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What’s The Difference? – Forbes Advisor

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Editorial Note: Forbes may earn a commission on sales made from partner links on this page, but that doesn’t affect our editors’ opinions or evaluations.

They may look identical, but charge cards and credit cards are surprisingly different financial tools. Although both allow you to make a purchase without using cash, there’s a big difference when the bill comes. With a credit card, you can carry—or revolve—a balance and pay it off over time, although typically you’ll incur interest charges to do so. With a charge card, any balance must be paid in full when the monthly statement arrives.

There are also other distinctions to be aware of. Here’s a deeper dive into how each type of card works; it will help you decide which one is a better fit for your particular needs.

Read More: The Forbes Guide to Credit Cards

How Does a Charge Card Work?

Unlike a credit card, a charge card doesn’t come with a preset spending limit. This can make it more flexible, since it will grant access to the buying power you need even if that amount fluctuates widely month to month.

This doesn’t mean you have unlimited spending ability, though. If you’re planning on making a significant purchase, first contact the issuer to see if they’ll approve the amount you’d like to charge. Ultimately, a charge card can help you be a more responsible shopper, since you’ll know you’re on the hook to pay back your debt in the not-so-distant future.

A credit card allows you much more leeway. It may have a firm borrowing limit, but you’re only required to make a minimum monthly payment on the total amount you owe. While the idea of smaller payments may be appealing, interest will accrue over time, adding to your overall burden, so it’s still in your best interest to pay your card off in full each month.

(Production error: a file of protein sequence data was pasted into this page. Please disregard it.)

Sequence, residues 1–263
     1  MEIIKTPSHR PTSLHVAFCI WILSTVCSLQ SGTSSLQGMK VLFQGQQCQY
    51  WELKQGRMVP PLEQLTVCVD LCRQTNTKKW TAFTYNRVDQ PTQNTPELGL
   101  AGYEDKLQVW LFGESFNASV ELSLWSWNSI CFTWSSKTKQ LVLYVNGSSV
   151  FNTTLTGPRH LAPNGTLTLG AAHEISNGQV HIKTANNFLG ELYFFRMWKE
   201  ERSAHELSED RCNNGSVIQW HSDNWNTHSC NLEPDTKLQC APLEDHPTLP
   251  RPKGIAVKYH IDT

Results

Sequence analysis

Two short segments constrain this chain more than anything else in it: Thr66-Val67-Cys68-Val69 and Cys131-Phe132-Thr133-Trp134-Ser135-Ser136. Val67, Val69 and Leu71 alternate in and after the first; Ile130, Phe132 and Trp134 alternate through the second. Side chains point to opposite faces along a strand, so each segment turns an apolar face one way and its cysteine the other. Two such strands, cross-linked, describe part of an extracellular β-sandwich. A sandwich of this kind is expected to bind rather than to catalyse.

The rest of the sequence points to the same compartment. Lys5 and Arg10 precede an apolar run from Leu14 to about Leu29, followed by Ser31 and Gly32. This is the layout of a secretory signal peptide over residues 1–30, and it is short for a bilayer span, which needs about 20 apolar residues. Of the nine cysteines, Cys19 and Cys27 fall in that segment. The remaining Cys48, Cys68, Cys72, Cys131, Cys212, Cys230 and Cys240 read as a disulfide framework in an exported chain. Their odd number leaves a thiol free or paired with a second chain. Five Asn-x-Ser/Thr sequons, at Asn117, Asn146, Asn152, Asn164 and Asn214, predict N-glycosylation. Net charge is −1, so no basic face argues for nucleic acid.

But for someone who needs extra time to pay down their bill, a credit card could be the better choice. It’s possible to avoid interest charges for a period of time by using a card with an introductory 0% APR offer on purchases. These offers generally last from six months to nearly two years. It’s almost impossible to find this sort of leniency with a charge card.

How Can I Get a Charge Card?

Although credit cards are available even to those with not-so-great credit, a charge card typically requires a good-to-excellent score. That’s because the issuer is taking a bigger risk by assuming you’ll pay your full bill every month and not giving you a preset spending limit. If you have poor or limited credit history, you may want to look to a secured card instead.

American Express is the only major issuer that still offers charge cards. The options currently available to consumers include:

Even though these are charge cards, they have a feature called “Pay Over Time” that allows certain purchases to be treated as they would be on a credit card, meaning they don’t have to be fully paid off at the end of the billing cycle and are subject to interest charges.